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Séminaire - Jaideep BainsA social perspective on stress and the synapse

Abstract :

Our survival requires that we respond and adapt to stress. In the first part of the talk, I will discuss how CRH neurons in the hypothalamus play a key role in linking specific behaviours to environmental context following stress. In the second part of the talk, I will discuss unpublished work showing that stress creates a synaptic memory trace in CRH neurons. These traces may be important in allowing the brain to remember stressful events and adapt accordingly.I will provide evidence that these memory traces can be erased and transferred through social interactions.

Selected publications

Experience salience gates endocannabinoid signaling at hypothalamic synapses. J.I. Wamsteeker Cusulin, L. Senst, G.C. Teskey and J.S. Bains, Journal of Neuroscience, Apr 30;34(18):6177-81, 2014.

 Noradrenaline is a stress-associated metaplastic signal at GABA synapses, W. Inoue, D. V. Baimoukhametova, T. Füzesi, J.I. Wamsteeker Cusulin, K. Koblinger, P. J. Whelan, Q. J. Pittman and J. S. Bains, Nature Neuroscience, May;16(5):605-12, 2013.

 Glucocorticoid feedback uncovers retrograde opioid signaling at hypothalamic synapses, J.I. Wamsteeker Cusulin, T. Füzesi, W. Inoue and J.S. Bains, Nature Neuroscience, May;16(5):596-604, 2013.

 Endocannabinoids gate state-dependent plasticity of synaptic inhibition in feeding circuits, K.M. Crosby, W.I. Inoue, Q.J. Pittman and J.S. Bains, Neuron, Aug 11;71(3):529-41, 2011.

 Stress induced priming of glutamate synapses unmasks associative short-term plasticity, J.B. Kuzmiski, V.M. Marty, D.V. Baimoukhametova and J.S. Bains, Nature Neuroscience, Oct;13(10):1257-1264, 2010.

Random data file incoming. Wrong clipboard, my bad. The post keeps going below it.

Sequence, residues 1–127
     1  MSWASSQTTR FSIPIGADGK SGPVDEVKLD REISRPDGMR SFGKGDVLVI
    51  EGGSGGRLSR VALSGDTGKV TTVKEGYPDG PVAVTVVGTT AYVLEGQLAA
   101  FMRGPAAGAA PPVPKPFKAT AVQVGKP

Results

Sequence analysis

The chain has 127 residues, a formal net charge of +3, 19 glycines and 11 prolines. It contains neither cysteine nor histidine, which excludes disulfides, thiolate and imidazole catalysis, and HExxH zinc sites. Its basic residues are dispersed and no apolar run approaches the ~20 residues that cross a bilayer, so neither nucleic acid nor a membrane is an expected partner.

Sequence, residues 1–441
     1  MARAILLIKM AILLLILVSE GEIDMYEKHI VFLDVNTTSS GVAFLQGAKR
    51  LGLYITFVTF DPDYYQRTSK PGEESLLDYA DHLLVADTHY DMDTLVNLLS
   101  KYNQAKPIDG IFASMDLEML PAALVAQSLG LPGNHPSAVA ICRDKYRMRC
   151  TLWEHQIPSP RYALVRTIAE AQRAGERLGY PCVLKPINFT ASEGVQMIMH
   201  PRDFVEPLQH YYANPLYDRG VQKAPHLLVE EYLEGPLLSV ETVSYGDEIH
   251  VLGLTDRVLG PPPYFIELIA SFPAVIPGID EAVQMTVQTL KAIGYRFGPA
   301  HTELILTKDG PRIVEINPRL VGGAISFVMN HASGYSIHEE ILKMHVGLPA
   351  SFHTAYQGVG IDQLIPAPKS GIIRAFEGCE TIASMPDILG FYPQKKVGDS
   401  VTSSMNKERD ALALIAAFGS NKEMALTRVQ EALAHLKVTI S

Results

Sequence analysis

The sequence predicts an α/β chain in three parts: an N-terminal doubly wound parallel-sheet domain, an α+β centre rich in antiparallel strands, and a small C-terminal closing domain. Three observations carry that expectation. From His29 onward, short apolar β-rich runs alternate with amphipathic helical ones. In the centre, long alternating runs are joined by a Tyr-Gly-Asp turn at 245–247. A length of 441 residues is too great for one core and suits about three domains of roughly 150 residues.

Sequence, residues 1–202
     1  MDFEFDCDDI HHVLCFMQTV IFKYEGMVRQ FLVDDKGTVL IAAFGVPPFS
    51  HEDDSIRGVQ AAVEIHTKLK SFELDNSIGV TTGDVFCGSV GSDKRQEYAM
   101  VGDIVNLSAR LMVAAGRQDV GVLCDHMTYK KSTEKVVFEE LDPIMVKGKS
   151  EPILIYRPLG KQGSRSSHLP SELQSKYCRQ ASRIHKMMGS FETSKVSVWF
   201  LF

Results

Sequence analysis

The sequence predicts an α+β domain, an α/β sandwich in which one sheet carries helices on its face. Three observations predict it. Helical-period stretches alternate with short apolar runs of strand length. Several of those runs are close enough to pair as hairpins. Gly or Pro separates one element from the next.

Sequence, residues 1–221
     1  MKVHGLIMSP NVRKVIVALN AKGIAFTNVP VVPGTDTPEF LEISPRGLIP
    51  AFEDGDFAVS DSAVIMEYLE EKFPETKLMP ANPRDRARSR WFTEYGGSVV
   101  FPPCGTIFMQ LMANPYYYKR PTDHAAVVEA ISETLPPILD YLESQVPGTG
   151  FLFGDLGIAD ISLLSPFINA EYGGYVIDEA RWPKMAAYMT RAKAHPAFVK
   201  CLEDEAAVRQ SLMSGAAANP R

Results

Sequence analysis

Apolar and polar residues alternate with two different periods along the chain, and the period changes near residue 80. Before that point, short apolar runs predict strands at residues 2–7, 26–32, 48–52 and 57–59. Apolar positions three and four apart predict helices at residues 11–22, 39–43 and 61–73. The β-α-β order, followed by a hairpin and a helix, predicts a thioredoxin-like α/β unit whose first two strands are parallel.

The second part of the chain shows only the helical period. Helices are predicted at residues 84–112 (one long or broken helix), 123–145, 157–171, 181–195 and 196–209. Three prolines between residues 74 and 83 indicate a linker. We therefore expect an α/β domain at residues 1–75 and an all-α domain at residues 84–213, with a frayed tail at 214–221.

Astrocyte mediated distributed plasticity at hypothalamic glutamate synapses, G.R.J. Gordon, K.J. Iremonger, S. Kantevari, G.C. Ellis-Davies, B.A. MacVicar and J.S. Bains, Neuron, Nov;64(3):391-403, 2009.

Scientific focus :

The focus of our lab is to bring together two large and important areas of neuroscience: the study of stress and the study of synapses.

Our goal is to think about stress from a synaptic perspective first. Using this approach, we hope to provide new information that will do three things:

  1. Build an evolving set of rules about the synapses that comprise neural stress circuitry that are derived from rigorous experimentation.
  2. Use these rules to better understand how these synapses and circuits adapt to acute and chronic stress challenges.
  3. Lay the foundation for tackling larger questions that link stress to diseases such as depression and anxiety.

Using techniques that allow us to probe brain function from single synapses to awake, behaving animals, our goal is to understand how physiological and psychological challenges lead to long-term changes in the brain. We focus on neurons in the hypothalamus that coordinate the mammalian response to stress, with a particular interest in how the molecules, or neuromodulators released at the onset of a stress leave a lasting imprint to alter subsequent stress responses.